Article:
So we remain strong; steadfast; believing he rewards those who seek him (Hebrews 11:6). Abram had given up the spoils of war for God’s glory and the sacrifice had not gone unnoticed. No sacrifice we give to God goes unnoticed (Luke 12:6-7). God assured Abram “your reward shall be very great.” But I love how the New King James Bible states it, “I am your shield, your exceedingly great reward.” God himself was Abram’s reward! His exceedingly great reward!

God himself – our reward! The greatest reward. Nothing else could compare! Nothing! Yet so often we want something else. Sometimes so desperately we’d do anything for it. But what if Jesus were the one thing I desired most? What if he were the absolute longing of my heart? What sort of contentment and joy and wonderment might I find if I sought Jesus as my greatest reward?

Daily my greatest reward. Daily my ambition; my motive; my passion. I think alas I would know him as my shield. We wonder – where are you God? Where are you in this mess? But could it be we see him not because we think on him not. Consumed by the worries of today and tomorrow. Consumed by my wants and desires. My ever increasing wish list. I soon forget whom it is that truly satisfies. I soon forget what is truly my reward. If only I could stay my mind on Him, what a shield I would have. What a shield! Against temptation. Against fear. Against jealousy, discontentment, and sadness. Against every flaming dart sent to disarm my faith. For truly he is the reward!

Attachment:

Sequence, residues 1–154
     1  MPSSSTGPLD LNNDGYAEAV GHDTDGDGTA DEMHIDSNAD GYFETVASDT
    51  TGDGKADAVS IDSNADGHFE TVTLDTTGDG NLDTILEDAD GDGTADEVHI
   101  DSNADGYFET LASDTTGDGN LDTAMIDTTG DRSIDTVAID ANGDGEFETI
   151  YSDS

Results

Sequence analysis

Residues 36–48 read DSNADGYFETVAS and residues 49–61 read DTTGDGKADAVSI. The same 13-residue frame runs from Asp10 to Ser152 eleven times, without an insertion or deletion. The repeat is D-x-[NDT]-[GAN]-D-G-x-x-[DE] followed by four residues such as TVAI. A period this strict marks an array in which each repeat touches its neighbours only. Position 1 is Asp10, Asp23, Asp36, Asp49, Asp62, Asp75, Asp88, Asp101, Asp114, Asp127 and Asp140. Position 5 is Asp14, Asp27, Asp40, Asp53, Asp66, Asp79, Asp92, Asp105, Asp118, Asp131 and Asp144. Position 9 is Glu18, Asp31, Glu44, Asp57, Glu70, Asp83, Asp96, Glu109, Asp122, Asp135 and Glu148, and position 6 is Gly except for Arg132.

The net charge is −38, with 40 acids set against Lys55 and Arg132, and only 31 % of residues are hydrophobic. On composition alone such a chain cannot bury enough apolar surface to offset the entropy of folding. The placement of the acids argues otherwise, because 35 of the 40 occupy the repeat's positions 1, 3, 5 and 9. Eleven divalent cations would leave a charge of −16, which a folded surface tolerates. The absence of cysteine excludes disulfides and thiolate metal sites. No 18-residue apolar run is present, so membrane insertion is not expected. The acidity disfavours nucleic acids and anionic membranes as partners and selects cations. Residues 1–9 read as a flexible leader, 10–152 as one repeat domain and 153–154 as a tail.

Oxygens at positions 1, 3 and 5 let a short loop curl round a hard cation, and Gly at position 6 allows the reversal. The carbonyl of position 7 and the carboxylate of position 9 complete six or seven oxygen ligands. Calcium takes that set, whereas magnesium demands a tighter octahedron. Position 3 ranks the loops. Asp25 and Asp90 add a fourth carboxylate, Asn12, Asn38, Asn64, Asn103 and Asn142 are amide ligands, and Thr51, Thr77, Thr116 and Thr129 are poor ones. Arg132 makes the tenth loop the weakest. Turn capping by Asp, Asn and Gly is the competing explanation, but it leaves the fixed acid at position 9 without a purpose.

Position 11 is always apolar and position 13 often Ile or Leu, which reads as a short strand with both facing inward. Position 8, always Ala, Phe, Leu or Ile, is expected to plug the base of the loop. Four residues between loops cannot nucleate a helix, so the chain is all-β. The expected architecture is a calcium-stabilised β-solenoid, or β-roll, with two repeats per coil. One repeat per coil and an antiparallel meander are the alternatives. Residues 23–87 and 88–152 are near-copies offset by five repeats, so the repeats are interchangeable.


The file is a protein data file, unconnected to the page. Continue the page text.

Yet we have strong desires. Desires that just don’t seem to go away. Sometimes of our own making…sometimes God given. For Abram it was a son. A child – of his very own. Year upon year passed and still no heir. I cannot imagine the ache; the disappointment. Abram had been promised a nation would come from him. Through him would come blessing to every family of the world. He remembered the words spoken to him. No doubt he remembered the words. But still…no child.

So he asked. (God wants us to bring our requests before him.) “O Lord God, what will you give me, for I continue childless?” (Gen. 15:2) And God answered piling grace upon grace, “your very own son shall be your heir...number the stars, if you are able to number them…So shall your offspring be” (Gen. 15:4-5). What a gracious God we serve! “Don’t worry Abram I am your exceedingly great reward!” But Lord I want a son? But Lord I want______(fill in the blank). How often I fill in the blank! How often I unknowingly tell God he’s not enough for me. Yet he chides me not. Instead he listens. And if I’m listening reassures me of his sovereignty. Just as he reassured Abram, “You will have a son and much much more.” What grace! What beautiful grace!

He loves us friends. He really does. Bring your requests. Brings your desires. Bring your aches and burdens. Bring them to the Lord. And leave them…there…amid his sovereignty. Believing. Trusting he will do what’s best for you. Because he will. He always will. He proved that at calvary with every nail; every beating; every scar; every thorn; every excruciating hour…for you…for me. So that he could be our exceedingly great reward!

Contemplate and Evaluate:
Do you think of God as your reward?
What today do you need to leave at his throne? What desire, what ache, what burden do you need to give him so that he can be your reward?image